Short take: "smiley face" - OED WOTD

victor steinbok aardvark66 at GMAIL.COM
Mon May 10 03:13:15 UTC 2010

The 1971 lamp ad is without doubt a black-and-yellow standard image.
There is a picture in the ad and you can clearly see the design--in
fact, it's a ball design, as well as the Ball design. The craft 1968
design seems to be the same image. But I would certainly argue that
the OED definition uses the Ball design as an example of a smiley
face, not as the prototype. When teachers sign student papers with a
"smiley face", they do not use the trademarked design--they usually
draw a checkmark with two dots for eyes.

What would be the reason not to have a "smiley face" as a "special
compound", as the OED seems to file them, back in 1957? Does it have
to be trademarked to be "special"? More importantly, how is the 1968
one different from 1957? Even if one reproduces a famous design and
the other does not, the actual usage is similar. Remember, the phrase
"smiley face" was not trademark--just the black-and-yellow design.


On Sun, May 9, 2010 at 10:27 PM, Amy West <medievalist at> wrote:
> Ron, Arnold, anyone feel free to jump in to educate me at any point:
> I'm not going to address the 1968 one about the kid using orange
> paper and buttons to make a smiley face on his craft in Norwalk, CT
> -- that's still post the Harvey Ball development (and didja notice in
> the first 1971 cite -- it said "Ball Smiley Lamp"). [Being in
> Worcester, I've got an agenda.]
>>[Hopkinsville] Kentucky New Era - Feb 13, 1961
>>A Bo-K of Balloons For Your Valentine. By Beth Schmidt. p. 8/4 [GNA page
>>5 of 50]
>>>  Balloon bouquets can be selected and arranged in a variety of ways.
>>  > For instance, on this year's anniversary, you can send your loved one
>>>  assorted colors of balloons with "Happy Anniversary" printed on them.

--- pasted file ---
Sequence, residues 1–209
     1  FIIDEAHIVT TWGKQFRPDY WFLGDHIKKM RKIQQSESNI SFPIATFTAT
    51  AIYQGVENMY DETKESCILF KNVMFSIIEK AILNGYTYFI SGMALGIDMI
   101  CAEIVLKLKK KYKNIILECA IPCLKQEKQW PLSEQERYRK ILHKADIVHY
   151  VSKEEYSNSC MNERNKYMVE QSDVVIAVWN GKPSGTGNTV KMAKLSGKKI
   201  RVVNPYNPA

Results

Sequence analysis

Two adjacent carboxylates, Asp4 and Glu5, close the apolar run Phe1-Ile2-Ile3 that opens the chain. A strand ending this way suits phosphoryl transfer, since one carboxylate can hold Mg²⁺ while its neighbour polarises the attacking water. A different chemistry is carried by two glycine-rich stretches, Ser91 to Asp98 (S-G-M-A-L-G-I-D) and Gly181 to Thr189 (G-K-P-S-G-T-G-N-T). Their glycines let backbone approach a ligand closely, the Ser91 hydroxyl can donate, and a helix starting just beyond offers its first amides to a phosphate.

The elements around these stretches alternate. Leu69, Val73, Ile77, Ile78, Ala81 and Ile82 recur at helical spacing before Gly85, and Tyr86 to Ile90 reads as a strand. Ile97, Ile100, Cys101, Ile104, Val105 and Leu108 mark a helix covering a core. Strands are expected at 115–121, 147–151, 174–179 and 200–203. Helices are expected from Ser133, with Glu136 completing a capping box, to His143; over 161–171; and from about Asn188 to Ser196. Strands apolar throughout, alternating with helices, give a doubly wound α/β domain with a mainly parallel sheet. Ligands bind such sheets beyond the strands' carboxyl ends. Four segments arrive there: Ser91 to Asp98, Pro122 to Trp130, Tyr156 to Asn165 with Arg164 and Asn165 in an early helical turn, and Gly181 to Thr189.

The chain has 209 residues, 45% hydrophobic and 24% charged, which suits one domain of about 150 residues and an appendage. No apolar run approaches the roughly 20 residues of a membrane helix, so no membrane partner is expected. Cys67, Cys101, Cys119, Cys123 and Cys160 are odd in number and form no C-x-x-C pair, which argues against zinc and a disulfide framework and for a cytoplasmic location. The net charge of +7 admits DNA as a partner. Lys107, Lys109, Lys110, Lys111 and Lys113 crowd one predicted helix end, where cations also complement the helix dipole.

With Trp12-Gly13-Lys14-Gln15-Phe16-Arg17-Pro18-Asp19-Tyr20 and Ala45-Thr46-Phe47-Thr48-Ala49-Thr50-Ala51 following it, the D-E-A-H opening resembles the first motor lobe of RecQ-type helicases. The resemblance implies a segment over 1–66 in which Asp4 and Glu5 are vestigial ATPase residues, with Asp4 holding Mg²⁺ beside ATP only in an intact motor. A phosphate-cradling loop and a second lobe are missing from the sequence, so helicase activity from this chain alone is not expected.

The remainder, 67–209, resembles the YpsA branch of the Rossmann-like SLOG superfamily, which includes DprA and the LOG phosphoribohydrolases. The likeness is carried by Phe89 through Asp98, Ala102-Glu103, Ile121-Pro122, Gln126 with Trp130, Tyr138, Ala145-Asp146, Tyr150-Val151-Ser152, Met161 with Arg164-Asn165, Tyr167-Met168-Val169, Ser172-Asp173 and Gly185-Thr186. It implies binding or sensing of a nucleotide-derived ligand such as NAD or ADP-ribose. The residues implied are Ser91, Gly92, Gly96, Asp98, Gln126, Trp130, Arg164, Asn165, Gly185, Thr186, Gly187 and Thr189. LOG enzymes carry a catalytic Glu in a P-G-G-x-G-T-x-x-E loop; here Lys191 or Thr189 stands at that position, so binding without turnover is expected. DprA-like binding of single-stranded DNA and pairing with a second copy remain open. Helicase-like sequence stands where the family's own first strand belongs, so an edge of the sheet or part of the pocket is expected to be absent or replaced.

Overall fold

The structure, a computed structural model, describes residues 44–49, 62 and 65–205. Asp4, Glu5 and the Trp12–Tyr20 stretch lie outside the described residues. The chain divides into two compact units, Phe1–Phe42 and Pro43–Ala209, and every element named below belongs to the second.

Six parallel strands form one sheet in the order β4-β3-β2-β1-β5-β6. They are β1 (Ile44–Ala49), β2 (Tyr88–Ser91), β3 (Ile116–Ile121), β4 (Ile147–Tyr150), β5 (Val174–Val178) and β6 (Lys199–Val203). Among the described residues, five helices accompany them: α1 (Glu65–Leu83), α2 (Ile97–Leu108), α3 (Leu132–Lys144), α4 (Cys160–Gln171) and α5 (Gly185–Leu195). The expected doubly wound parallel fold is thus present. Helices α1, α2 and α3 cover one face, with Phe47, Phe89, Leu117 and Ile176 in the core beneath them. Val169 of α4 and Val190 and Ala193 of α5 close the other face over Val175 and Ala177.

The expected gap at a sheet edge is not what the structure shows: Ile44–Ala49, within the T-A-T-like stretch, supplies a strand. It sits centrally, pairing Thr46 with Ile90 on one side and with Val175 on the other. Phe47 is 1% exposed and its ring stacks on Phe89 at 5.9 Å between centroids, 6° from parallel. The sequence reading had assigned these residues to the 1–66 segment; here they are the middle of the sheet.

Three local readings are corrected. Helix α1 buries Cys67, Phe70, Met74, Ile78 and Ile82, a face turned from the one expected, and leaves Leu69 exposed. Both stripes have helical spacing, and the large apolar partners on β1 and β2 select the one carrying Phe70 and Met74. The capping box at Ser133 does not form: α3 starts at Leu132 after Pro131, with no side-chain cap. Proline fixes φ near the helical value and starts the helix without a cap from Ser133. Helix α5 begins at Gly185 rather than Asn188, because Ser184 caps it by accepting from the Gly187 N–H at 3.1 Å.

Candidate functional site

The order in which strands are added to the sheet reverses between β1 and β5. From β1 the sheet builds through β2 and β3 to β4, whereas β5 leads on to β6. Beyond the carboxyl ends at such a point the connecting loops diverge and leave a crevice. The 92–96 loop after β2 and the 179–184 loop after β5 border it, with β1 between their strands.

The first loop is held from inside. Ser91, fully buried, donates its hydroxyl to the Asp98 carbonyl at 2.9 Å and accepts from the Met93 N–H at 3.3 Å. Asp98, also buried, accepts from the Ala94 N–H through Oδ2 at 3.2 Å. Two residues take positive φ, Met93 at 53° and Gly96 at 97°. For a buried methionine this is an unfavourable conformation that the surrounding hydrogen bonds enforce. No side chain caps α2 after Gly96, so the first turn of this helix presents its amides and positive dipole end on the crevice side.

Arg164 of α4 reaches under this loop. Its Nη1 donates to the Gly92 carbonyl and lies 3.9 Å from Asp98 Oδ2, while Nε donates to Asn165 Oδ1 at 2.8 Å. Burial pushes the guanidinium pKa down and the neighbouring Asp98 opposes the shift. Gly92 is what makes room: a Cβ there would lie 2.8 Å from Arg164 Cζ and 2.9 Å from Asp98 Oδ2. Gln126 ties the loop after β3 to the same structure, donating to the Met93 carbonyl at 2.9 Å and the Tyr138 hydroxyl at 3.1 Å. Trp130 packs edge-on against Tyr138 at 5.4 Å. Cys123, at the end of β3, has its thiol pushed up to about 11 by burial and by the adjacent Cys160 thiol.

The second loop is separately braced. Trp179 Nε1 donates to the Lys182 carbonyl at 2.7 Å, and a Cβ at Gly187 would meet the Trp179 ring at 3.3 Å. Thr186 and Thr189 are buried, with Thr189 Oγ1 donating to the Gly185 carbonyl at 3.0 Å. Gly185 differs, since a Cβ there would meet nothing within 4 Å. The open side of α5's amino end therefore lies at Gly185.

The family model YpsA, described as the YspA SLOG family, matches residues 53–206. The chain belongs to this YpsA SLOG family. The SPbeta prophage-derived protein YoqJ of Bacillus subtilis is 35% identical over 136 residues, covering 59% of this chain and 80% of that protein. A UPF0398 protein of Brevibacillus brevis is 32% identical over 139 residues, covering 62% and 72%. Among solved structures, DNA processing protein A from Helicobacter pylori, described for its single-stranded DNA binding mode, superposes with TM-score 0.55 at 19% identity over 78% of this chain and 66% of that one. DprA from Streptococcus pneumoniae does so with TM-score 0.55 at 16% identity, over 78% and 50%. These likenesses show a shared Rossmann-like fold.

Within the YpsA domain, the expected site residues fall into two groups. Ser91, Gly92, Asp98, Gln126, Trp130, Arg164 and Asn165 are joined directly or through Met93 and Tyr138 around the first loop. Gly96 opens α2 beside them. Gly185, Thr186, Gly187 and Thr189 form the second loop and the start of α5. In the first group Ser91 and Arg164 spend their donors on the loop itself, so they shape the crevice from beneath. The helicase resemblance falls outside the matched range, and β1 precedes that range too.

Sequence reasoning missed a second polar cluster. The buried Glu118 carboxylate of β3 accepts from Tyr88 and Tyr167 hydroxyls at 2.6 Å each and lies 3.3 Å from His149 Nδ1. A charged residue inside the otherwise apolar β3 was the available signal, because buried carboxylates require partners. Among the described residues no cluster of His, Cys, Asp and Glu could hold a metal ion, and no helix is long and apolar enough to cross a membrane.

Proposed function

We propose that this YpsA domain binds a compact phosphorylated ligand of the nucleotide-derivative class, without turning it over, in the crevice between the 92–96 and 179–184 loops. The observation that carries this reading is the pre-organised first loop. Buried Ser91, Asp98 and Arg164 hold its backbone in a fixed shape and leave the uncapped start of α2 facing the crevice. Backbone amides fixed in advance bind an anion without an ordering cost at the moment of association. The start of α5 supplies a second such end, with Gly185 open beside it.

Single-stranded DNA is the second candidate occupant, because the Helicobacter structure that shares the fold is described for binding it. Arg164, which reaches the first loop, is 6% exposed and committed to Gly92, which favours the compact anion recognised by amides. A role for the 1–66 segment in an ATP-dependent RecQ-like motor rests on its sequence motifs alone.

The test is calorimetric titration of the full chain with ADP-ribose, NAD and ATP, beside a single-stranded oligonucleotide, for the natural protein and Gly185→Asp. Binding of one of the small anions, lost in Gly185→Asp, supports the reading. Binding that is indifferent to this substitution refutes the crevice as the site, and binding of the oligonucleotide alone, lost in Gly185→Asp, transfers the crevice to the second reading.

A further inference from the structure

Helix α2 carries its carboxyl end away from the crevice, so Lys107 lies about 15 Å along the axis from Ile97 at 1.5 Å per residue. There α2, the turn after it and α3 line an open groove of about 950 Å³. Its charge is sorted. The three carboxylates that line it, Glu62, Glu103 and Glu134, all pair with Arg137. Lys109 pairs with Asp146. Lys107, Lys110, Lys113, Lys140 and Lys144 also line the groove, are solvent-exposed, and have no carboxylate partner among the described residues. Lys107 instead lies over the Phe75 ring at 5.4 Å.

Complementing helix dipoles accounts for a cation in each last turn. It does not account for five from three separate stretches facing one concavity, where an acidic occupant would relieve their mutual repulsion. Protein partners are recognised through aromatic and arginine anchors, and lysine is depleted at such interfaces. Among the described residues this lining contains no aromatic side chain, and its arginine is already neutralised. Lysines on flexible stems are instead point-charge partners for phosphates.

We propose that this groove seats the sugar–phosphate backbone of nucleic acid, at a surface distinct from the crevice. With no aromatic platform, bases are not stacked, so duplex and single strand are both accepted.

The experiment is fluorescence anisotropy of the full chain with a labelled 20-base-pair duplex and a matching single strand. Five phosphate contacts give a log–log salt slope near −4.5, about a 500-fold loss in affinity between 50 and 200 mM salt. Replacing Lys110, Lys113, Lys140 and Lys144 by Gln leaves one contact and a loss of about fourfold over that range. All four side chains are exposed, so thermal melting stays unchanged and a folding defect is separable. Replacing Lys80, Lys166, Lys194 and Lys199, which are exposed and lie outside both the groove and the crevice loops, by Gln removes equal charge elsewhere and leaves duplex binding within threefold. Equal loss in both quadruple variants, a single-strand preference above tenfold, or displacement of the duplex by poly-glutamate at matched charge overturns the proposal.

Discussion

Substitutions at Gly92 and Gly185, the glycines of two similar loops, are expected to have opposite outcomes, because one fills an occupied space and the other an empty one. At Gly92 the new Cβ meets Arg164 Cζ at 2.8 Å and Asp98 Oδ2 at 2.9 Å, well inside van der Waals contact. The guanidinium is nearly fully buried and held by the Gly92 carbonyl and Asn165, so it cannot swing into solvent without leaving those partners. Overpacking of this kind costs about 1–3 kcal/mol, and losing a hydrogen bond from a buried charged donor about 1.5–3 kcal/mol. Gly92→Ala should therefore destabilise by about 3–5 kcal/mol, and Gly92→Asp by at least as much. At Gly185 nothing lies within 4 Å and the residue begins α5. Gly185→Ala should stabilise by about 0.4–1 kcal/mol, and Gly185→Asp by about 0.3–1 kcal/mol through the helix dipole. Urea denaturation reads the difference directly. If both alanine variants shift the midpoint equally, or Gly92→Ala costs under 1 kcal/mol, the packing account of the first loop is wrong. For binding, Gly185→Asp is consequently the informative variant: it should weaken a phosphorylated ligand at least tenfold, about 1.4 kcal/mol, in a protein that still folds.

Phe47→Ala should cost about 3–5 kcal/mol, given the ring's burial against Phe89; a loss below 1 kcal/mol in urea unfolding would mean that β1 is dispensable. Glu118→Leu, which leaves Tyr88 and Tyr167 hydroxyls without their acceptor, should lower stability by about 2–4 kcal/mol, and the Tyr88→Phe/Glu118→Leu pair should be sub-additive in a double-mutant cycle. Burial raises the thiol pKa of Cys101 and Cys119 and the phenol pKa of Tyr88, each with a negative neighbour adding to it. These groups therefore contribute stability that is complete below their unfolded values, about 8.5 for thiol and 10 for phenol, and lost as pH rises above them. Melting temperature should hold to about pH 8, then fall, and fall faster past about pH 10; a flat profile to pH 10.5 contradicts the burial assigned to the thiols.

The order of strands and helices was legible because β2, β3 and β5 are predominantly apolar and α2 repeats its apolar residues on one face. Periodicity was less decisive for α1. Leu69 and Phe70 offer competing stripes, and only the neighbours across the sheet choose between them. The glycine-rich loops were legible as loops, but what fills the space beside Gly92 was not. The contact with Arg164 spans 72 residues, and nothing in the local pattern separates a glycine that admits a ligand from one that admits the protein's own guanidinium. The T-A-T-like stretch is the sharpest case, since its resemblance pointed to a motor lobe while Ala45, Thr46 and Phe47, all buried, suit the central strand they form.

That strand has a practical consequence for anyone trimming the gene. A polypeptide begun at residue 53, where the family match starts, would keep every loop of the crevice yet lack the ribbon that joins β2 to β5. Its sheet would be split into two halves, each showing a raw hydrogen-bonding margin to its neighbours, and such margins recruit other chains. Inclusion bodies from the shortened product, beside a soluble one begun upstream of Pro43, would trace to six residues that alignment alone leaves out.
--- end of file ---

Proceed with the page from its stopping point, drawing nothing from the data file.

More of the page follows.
>>>  Or for that small child who's celebrating his birthday, how about a
>>>  dozen "Smiley Face" balloons, arranged with party decorations to
>>>  accompany the bouquet.
> This may or may not refer to the yellow and black design, or
> something akin to it.
>>The last one is a bit ambiguous, it would seem. But the design is
>>obviously of a piece.
>>Sarasota Herald-Tribune - Magazine Section - Family Weekly, Sep 8, 1957
>>[GNA date Sep. 7--other sections confirm that this date is wrong.]
>>Junior Treasure Chest. Ed. by Marjorie Barrows.
>>Do-It-Youself Carnival. By Jane McHenry. p. 14 [GNA page 42 of 55]
>>>  First, make a carnival greeter to prop against a tree or fence. Tape a
>>>  paper plate to a mop head for a face, arranging the string strands on
>>  > each side for hair. Draw a big smiley face on the plate!
> This doesn't seem to refer to anything akin to the yellow and black
> design at all. So, would it just be a "generic" use: just a
> self-explanatory use of the adjective "smiley" modifying "face."
> While the OED def refers to the yellow and black design, the MWC11
> def doesn't ("line drawing of a smiling face"), so they could use
> that 1957 antedate, couldn't they?
> ---Amy West

The American Dialect Society -

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